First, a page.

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Lawrence University Ties to Kansas

William G. Cutler's History of the State of Kansas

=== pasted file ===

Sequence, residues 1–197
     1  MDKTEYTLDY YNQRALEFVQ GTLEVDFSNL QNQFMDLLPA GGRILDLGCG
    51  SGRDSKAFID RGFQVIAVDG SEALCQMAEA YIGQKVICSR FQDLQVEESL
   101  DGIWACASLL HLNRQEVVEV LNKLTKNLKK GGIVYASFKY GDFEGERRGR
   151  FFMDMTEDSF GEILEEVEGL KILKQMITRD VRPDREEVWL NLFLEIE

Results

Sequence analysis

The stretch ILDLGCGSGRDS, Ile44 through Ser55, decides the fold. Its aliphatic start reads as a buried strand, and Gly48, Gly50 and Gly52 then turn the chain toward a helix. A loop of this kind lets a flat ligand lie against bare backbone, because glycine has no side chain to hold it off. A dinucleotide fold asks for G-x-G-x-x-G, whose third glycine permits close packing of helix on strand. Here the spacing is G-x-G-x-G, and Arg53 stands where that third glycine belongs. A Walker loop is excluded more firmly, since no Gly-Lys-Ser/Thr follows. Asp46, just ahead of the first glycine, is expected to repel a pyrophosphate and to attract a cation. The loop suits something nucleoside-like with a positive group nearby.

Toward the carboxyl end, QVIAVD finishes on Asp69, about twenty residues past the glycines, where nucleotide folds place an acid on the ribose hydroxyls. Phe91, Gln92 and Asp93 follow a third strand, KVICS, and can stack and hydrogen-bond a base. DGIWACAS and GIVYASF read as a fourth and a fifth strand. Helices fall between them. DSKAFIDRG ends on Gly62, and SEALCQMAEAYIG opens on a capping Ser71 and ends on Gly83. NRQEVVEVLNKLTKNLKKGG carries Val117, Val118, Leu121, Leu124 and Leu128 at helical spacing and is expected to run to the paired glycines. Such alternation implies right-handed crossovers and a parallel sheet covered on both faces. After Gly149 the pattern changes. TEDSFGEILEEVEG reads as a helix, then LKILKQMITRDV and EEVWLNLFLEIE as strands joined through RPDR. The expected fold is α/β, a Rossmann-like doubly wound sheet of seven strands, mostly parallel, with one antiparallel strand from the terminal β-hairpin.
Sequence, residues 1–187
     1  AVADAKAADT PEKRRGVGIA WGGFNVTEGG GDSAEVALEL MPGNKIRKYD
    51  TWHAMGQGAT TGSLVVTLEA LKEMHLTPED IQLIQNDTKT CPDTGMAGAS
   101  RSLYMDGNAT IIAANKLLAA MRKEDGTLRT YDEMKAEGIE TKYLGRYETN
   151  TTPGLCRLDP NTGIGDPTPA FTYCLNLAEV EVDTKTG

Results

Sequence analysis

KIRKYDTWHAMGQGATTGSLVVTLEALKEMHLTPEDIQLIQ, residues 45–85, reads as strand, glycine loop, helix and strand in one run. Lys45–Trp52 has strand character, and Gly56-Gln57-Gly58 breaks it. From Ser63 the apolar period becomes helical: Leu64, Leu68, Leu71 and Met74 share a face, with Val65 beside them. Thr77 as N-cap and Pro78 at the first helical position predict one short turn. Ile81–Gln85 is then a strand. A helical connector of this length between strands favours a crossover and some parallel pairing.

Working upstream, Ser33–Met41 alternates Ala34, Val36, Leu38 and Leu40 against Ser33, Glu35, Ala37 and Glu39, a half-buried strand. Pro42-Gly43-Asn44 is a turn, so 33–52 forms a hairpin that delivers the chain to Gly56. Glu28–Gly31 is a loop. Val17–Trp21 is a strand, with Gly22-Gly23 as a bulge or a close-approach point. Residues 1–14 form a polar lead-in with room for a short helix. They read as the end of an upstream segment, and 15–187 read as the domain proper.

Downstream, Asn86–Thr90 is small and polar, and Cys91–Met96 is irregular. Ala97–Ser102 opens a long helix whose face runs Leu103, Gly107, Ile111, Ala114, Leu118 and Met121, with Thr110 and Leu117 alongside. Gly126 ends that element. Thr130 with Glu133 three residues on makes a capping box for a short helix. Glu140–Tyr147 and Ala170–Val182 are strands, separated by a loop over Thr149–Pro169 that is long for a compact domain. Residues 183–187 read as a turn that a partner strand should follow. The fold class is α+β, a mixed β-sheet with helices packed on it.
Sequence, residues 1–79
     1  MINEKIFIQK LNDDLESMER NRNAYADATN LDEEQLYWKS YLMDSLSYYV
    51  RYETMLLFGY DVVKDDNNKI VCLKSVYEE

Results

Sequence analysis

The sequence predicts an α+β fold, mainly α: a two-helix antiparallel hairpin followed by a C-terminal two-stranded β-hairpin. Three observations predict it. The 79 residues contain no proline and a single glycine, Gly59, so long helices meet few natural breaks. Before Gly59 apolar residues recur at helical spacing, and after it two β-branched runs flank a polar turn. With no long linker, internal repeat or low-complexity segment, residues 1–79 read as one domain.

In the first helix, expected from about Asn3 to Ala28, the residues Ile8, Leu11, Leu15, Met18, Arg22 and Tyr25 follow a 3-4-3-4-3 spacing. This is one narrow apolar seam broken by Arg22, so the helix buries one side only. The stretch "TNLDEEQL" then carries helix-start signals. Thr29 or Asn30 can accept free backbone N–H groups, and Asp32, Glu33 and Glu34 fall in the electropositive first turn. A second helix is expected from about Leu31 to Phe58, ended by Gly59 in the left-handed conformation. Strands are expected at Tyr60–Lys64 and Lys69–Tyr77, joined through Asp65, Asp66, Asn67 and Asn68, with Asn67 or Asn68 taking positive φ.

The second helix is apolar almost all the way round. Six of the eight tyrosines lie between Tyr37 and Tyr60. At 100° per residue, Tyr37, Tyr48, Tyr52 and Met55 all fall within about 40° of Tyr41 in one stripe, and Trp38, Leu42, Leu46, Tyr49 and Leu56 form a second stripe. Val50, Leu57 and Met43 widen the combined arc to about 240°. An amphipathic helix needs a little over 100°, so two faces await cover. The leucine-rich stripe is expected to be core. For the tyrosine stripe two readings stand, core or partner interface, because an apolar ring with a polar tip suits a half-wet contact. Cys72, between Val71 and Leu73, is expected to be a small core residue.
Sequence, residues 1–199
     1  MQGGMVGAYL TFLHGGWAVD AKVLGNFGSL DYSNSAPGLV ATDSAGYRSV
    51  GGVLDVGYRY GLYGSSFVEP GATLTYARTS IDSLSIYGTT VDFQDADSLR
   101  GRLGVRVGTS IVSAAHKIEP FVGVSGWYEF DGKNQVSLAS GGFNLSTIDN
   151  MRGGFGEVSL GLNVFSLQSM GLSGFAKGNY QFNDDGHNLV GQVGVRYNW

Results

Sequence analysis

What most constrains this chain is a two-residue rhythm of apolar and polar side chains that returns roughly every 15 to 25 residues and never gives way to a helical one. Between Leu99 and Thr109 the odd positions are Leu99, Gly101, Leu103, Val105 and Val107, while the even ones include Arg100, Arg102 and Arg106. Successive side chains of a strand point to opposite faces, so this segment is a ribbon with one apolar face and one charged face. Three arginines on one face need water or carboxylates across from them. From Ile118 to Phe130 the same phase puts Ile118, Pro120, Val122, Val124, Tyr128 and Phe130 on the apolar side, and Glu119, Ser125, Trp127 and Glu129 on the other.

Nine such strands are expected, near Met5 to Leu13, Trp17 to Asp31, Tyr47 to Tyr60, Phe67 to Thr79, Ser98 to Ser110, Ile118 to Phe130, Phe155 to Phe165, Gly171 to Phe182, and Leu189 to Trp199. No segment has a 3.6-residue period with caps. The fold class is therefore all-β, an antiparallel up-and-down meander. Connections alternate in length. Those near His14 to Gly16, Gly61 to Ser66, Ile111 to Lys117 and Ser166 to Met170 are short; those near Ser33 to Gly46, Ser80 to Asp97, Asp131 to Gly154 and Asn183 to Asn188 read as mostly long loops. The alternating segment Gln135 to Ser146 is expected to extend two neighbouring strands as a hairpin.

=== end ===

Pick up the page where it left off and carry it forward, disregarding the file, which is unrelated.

Amos A. Lawrence: As a young man, Amos Lawrence's father (also named Amos) left the farm in rural Massachusetts and, along with his brother, formed a company that imported textiles from England. Later, the firm prospered by investing in cotton and woolen mills. Lawrence, the eldest son, had the benefit of the best education money could buy in early nineteenth century America. First, at Franklin Academy and then at Harvard. Following his graduation, Lawrence entered business for himself as a commission merchant. He proved to have a talent at commerce and eventually became the owner of Ipswich Mills, the largest producer of knit goods in the country. Along with his wealth, Lawrence had deep philanthropic impulses, which sprang from his profound religious commitment. He was a devout member of St. Paul's Episcopal Church in Boston and it was there that he met and married his wife, Sarah Appleton. He was a trustee of Massachusetts General Hospital and president of "the Young Men's Benevolent Society", but his strongest charitable activities lay in support of education. Besides the establishment of Lawrence University he was also responsible for the creation of the state university in Lawrence, Kansas and the Episcopal Theological Seminary in Cambridge. Lawrence's public reputation, however, was as an abolitionist and he was best known for his work to ensure that Kansas should be admitted to the Union as a free state. The Kansas-Nebraska Act of 1854 had declared that the issue of slavery in those territories would be determined by local plebescite and Lawrence devoted much of his philanthropic energies to the support of the New England Emigrant Aid Society. This Society sponsored the emigration of free-state settlers to the territory of Kansas in the hope of stopping the spread of slavery. One of these settlers was the radical abolitionist John Brown, who became a personal friend of Lawrence's. The guns that Brown used at the Harper's Ferry rebellion were shipped to Kansas by Lawrence